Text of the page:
Full text access may be available. Click article title to sign in or learn about subscription options.
  • TSE Information for authors

    Page(s): c3
    Save to Project icon | Request Permissions | PDF file iconPDF (53 KB)  
    Freely Available from IEEE
  • [Back cover]

    Page(s): c4
    Save to Project icon | Request Permissions | PDF file iconPDF (100 KB)  
    Freely Available from IEEE

Aims & Scope

The IEEE Transactions on Software Engineering is interested in well-defined theoretical results and empirical studies that have potential impact on the construction, analysis, or management of software. The scope of this Transactions ranges from the mechanisms through the development of principles to the application of those principles to specific environments. Specific topic areas include: a) development and maintenance methods and models, e.g., techniques and principles for the specification, design, and implementation of software systems, including notations and process models; b) assessment methods, e.g., software tests and validation, reliability models, test and diagnosis procedures, software redundancy and design for error control, and the measurements and evaluation of various aspects of the process and product; c) software project management, e.g., productivity factors, cost models, schedule and organizational issues, standards; d) tools and environments, e.g., specific tools, integrated tool environments including the associated architectures, databases, and parallel and distributed processing issues; e) system issues, e.g., hardware-software trade-off; and f) state-of-the-art surveys that provide a synthesis and comprehensive review of the historical development of one particular area of interest.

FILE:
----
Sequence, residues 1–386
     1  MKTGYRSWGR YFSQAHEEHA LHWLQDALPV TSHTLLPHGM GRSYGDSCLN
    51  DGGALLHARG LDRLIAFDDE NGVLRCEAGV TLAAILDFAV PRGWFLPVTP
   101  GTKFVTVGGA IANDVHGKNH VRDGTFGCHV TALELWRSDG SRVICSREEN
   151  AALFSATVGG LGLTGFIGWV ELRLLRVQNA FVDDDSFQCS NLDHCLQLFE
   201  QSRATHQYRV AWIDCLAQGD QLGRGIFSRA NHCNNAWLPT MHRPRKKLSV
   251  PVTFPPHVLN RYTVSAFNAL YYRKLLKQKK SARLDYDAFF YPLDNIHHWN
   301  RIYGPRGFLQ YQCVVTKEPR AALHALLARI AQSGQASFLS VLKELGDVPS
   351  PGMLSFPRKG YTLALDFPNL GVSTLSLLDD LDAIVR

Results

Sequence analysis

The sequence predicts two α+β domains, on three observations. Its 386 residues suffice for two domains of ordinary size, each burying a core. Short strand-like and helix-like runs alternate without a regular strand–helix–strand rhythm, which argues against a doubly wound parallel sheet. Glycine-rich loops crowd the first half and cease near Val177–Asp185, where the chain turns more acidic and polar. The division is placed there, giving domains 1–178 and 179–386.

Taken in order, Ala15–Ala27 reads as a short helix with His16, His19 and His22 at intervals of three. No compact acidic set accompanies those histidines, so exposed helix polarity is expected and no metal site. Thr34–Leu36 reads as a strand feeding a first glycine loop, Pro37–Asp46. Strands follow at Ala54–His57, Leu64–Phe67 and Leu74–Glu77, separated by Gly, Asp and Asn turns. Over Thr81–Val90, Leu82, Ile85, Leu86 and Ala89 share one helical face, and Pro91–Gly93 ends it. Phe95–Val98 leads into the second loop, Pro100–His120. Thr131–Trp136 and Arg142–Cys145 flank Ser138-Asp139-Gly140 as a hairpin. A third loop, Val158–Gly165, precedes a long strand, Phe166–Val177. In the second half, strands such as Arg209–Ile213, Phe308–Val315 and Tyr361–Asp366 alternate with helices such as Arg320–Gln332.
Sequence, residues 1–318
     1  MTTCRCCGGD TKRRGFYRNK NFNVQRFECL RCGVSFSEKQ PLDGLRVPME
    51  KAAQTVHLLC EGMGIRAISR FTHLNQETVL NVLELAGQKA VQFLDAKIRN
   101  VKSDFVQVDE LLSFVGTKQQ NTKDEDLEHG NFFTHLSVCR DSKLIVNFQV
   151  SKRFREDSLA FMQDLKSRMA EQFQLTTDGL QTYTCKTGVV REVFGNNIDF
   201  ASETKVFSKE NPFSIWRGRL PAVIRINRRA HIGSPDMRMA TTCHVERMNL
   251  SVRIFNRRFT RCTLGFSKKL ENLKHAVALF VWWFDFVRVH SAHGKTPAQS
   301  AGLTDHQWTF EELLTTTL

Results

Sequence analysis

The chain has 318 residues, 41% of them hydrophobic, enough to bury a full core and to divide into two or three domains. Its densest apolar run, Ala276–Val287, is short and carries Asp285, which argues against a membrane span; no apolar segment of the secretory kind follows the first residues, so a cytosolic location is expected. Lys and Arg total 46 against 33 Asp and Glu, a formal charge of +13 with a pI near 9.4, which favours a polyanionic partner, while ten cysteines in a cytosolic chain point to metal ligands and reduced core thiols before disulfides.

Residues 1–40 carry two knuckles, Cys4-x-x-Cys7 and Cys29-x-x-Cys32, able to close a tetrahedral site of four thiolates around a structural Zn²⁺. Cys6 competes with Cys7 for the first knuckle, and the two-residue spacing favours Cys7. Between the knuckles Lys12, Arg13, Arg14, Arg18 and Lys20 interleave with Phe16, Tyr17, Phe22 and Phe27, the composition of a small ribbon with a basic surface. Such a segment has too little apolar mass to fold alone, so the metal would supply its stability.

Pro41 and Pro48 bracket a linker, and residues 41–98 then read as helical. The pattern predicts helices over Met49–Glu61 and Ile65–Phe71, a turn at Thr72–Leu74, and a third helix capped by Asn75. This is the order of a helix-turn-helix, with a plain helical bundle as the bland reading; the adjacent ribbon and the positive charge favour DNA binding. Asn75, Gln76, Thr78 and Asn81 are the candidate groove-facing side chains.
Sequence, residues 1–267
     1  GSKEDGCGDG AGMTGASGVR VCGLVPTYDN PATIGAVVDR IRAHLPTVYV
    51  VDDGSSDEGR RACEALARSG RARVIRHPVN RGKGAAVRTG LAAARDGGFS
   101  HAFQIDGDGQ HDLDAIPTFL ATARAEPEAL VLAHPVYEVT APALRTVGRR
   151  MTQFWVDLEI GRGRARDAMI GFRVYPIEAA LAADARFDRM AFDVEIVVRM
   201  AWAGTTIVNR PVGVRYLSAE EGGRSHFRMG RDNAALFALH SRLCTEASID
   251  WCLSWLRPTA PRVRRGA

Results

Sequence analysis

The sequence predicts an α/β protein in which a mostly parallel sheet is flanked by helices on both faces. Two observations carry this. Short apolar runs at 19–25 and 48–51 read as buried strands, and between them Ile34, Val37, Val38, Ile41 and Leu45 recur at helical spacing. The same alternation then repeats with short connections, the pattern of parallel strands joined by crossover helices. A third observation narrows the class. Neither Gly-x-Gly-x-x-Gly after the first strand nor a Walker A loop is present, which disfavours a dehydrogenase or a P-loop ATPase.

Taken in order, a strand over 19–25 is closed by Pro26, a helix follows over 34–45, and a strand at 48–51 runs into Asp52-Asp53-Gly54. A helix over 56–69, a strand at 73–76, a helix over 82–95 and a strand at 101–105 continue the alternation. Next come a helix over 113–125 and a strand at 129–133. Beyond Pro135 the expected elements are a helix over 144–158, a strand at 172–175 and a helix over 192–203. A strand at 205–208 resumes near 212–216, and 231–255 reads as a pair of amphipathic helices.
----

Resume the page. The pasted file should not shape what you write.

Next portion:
Full Aims & Scope

Meet Our Editors

Editor-in-Chief
Matthew B. Dwyer
Dept. Computer Science and Engineering
256 Avery Hall
University of Nebraska-Lincoln
Lincoln, NE 68588-0115 USA
tseeicdwyer@computer.org